#1  
Old 05-02-2009, 10:17 AM
pdisc pdisc is offline
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Best discs for throwing backhand....

One day I was throwing discs in a field and started to throw some of them backhanded. When I did that, I went "holy (bleep)" because I found that I could throw them just as far, or even farther, and even with more accuracy thand my forehand drives.

The discs I mostly used were my Pro Beast, Starfire DX, and a Champion Monarch (with a grove lid, makes a nice huge S turn when I throw it right). What would you recommend as good backhand discs?
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  #2  
Old 05-02-2009, 11:35 AM
pdisc pdisc is offline
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I am looking to throw it long and straight.
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Old 05-02-2009, 11:56 AM
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Midnightbiker Midnightbiker is offline
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Quote:
Originally Posted by pdisc View Post
I am looking to throw it long and straight.
I rediscoverd my DX Viking last night. It goes very far and very straight. I only throw backhand
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Old 05-02-2009, 12:17 PM
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treethacker treethacker is offline
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Upon further review the call has been reversed and I am back to forehand drives. To many grip locks and God knows what else. Always an adventure when I throw backhand.Forehand is much better and I use a teebird(164g)but have found it does well for some backhanders too.
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Old 05-02-2009, 01:06 PM
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Roc1Time Roc1Time is offline
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Dont know your are speed/power/technique...etc? Teebirds are good disc that fly straight and are reliable.
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Old 05-02-2009, 02:03 PM
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Neophyte Neophyte is offline
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The straightest flying disc I have ever thrown (RHBH) is the Discraft XL.
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Old 05-03-2009, 01:26 PM
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BrotherDave BrotherDave is offline
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pretty much anything stable to slightly understable will probably float your boat. Try a Viking or Valkyrie and depending on if it's too much/not enough disc for you move up or down the speed list.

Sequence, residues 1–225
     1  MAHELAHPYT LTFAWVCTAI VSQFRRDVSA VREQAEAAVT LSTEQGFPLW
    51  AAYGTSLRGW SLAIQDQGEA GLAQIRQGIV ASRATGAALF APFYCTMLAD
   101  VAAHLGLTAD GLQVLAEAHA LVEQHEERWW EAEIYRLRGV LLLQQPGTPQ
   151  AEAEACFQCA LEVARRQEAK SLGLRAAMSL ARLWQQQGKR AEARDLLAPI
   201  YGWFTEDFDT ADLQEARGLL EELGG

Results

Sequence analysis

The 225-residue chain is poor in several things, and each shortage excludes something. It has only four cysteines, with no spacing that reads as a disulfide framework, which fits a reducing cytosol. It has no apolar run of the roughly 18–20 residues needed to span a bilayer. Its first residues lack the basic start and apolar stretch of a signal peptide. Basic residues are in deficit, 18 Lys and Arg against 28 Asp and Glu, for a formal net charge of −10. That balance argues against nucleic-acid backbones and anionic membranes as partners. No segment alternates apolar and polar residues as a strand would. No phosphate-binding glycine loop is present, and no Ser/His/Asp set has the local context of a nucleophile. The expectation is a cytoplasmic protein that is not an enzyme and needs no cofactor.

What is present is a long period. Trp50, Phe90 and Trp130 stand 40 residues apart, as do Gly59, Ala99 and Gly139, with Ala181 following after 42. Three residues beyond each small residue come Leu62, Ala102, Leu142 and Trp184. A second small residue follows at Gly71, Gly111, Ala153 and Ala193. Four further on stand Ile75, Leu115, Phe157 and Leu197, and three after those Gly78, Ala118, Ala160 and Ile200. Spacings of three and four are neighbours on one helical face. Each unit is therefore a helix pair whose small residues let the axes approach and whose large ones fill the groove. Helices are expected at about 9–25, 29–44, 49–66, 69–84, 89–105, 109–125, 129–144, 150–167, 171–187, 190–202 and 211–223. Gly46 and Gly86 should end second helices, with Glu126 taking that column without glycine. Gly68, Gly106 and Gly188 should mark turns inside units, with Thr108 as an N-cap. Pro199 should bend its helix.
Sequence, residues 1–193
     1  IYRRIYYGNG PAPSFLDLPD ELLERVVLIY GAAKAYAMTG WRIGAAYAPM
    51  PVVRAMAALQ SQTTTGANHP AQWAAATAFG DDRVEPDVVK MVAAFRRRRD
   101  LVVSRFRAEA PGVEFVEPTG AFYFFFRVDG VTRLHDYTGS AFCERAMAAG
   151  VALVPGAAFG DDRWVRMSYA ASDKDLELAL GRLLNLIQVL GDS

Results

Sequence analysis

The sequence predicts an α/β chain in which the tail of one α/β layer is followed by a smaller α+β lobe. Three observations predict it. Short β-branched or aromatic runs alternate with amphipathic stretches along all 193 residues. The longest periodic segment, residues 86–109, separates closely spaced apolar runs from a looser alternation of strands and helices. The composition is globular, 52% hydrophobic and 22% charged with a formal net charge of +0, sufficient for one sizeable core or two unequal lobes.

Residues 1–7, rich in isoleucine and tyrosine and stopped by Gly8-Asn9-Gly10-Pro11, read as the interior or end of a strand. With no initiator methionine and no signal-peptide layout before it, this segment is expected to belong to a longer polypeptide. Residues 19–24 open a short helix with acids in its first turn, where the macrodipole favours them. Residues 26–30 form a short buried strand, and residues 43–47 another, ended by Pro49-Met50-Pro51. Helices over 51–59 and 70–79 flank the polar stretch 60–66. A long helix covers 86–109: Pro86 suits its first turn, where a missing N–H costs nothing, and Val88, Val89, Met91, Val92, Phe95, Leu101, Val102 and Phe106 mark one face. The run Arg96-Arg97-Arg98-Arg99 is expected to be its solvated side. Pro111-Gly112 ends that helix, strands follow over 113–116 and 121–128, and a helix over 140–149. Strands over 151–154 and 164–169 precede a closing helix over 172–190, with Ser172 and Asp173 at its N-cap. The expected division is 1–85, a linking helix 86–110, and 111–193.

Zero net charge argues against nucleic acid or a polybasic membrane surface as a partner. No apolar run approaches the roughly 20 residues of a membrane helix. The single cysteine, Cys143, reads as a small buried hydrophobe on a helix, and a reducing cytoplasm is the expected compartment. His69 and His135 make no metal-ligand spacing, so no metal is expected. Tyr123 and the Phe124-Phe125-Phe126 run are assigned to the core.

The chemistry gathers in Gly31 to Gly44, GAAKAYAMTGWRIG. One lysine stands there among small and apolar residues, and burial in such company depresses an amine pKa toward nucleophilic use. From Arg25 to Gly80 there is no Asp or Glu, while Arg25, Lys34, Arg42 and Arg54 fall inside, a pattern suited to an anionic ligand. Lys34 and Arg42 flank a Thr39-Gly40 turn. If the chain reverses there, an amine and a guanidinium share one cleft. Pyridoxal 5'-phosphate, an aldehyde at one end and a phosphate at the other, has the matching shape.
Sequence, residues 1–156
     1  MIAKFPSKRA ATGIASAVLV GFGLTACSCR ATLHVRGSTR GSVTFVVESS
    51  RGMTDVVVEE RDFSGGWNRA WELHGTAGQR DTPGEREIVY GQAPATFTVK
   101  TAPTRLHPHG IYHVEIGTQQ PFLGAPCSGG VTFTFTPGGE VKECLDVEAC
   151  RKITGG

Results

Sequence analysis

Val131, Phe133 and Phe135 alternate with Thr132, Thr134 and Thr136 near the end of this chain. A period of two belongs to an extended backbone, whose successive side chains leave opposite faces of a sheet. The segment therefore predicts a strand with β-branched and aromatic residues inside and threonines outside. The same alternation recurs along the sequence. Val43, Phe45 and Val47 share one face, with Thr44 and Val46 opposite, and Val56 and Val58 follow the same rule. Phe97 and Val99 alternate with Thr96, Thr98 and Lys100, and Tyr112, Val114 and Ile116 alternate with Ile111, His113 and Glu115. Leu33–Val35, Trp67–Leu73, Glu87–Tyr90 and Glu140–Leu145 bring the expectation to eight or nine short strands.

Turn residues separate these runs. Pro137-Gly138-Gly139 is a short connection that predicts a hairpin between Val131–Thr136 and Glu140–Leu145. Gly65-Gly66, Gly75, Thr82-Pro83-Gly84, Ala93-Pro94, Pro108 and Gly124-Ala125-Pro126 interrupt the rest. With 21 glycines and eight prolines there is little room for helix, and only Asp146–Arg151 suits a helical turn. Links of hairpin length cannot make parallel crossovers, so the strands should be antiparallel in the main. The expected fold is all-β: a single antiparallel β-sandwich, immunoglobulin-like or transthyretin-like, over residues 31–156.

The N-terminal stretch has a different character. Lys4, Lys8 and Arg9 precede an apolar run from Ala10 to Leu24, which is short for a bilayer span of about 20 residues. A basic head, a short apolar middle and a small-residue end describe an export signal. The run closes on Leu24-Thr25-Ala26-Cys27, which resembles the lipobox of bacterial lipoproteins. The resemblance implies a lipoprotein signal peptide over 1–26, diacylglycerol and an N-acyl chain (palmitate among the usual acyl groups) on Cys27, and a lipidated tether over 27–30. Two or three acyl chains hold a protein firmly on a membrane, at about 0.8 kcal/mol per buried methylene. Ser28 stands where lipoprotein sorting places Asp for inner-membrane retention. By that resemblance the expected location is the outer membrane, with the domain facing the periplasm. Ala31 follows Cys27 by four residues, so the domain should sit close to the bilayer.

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Old 05-03-2009, 02:06 PM
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DiscJunkie DiscJunkie is offline
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My best long and straight backhand is an Avenger SS.
Other good choices are JLS, Teebird and Eagle.
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Old 05-11-2009, 02:48 AM
mindwind mindwind is offline
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Pick a stable disc, right in the middle of the chart. If you pick a disc that is more neutral in its stability, and you learn how to throw it flat and hard, this will be the foundation of your game. I would recommend you pick a stable disc and buy two of them. Purchase one max weight (175g) and one in the 165-170g range. Use the lighter disc in open fields and tailwinds. Use the heavier disc in the woods and in headwinds.

If you are new to disc golf, the fairway drivers are a good place to start, such as the Innova T-Bird. A brand-new T-Bird starts out a little overstable but, once the T-Bird gets broken in, it flies dead straight--this disc should be in everyone's bag. For distance drivers, the Innova Wraith is a good choice, but I would recommend the Innova Orc. Although it's not quite as fast as the Wraith, the Orc flies dead straight and tends to be more consistent.

As you improve your game and develop more snap, you'll start turning over that Monarch. That S-Curve you're getting from the Monarch will instead curve right...and curve right...and curve right into the ground. At that point you can keep it in your bag as a roller. The Beast will always be good in a tailwind, but eventually you will begin to overpower it, too. The Starfire is a good all-around disc, but at some point I would recommend investing in premium plastic. After a few tree knocks, that DX plastic won't hold up and the disc's flight characteristics will change dramatically. I feel that DX plastic is fine for mid-ranges and putters, but the drivers travel at such high speeds...you would be better served by investing in premium plastic for your drivers.
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  #10  
Old 05-11-2009, 05:05 AM
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grube.fresh grube.fresh is offline
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disc selection is not what you should worry about when learning. good-great players can throw any stability of disc. learn how each disc works and work on consistancy with discs you own.
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